MZ: Is there anything you forgot?
PR: I’m not very convinced that 50 years ago I would have survived, because there was no birth control. There was no safety against domestic violence. There was so little regard for women in general. If I had the same kind of, you know, entitlement I would have been hurt. I mean I can’t imagine having too many children. I mean it just sounds like such a nightmare. I can’t imagine that there were very many happy women 50 years ago, because I mean if you’re a pioneer wife you’re left in the middle of nowhere. He goes out to get groceries and three months later [when] he shows up, you’re crazy from the isolation.
I mean it’s hard to imagine a life for women – the gilded cage wouldn’t have been very good. The psychological damage that [they] could do to women and walk away from. I mean they were discarded – they kept the kids and threw out the wife. I mean murdering your wife wasn’t particularly a big problem. “Well she was sleeping with another man.” No proof of that. But you know there really wasn’t any protection for women in those days.
MZ: But there existed a lot of women who fought back who championed women’s rights before 1900.
PR: Oh sure.
MZ: I can see you be one of those people. I can see you marching down Market Street.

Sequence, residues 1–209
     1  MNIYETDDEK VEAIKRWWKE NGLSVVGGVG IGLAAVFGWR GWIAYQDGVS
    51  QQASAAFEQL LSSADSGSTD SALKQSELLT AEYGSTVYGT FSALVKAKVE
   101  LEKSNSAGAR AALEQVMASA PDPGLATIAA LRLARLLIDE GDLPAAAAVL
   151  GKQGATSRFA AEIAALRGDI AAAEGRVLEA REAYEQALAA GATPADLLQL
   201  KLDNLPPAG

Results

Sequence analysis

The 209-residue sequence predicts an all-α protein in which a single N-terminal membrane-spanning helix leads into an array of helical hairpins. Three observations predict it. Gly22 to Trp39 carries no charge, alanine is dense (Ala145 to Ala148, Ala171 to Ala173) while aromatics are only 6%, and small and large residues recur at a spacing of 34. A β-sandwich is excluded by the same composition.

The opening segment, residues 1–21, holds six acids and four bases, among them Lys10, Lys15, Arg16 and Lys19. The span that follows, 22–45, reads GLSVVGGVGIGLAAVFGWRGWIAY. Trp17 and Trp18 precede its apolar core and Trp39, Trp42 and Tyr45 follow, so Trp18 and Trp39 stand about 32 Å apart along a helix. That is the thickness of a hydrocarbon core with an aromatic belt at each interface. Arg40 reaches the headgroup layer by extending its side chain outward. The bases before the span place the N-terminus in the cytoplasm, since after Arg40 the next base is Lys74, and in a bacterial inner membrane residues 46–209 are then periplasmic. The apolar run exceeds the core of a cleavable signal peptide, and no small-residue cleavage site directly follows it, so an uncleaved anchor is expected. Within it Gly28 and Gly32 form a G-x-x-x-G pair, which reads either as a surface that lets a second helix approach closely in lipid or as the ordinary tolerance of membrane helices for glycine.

Revived by the Women’s Movement
PR: Yeah, I can see the marching, but I’m not so sure I would have had the same kind of bravery that I had borne 50 years later, because you [didn’t have to pay] as big a penalty. I’ve paid a penalty, but I was revived by the women’s movement in terms of my ability to earn a living and have custody of my daughter and all sorts of things like that, so I can only see the cruelty of 50 years ago. I don’t think there was – I can’t imagine trading that life at all. And so I’m really happy when young feminist women thank me – which happened at the NOW conference, which was quite amazing, because they realized that we had to deal with the male and female. And guess where the good jobs were?
They know a lot of that was changed. They don’t really understand what it was like to be pregnant when you weren’t supposed to be. That it was a total panic. I had friends who had watched friends bleed to death at the college campus prior to legal abortion. I mean my sister gave a child up for adoption, which she didn’t want to. I mean that was just terrible behavior that went on when I was a young woman. So to be born 50 years before that is almost incomprehensible.
MZ: Talk about the future, we have a few minutes.
PR: I think we’ve been very successful because young women don’t always see how much progress we’ve made. In 1972 there was the lawsuit against Newsweek about the women who were never allowed to be writers. They were all researchers. They won that lawsuit 40 years ago. And a few years ago the same problem happened at Newsweek and they didn’t know anything about that lawsuit. So they did write a book together. We have to learn our history or we’re going to repeat it.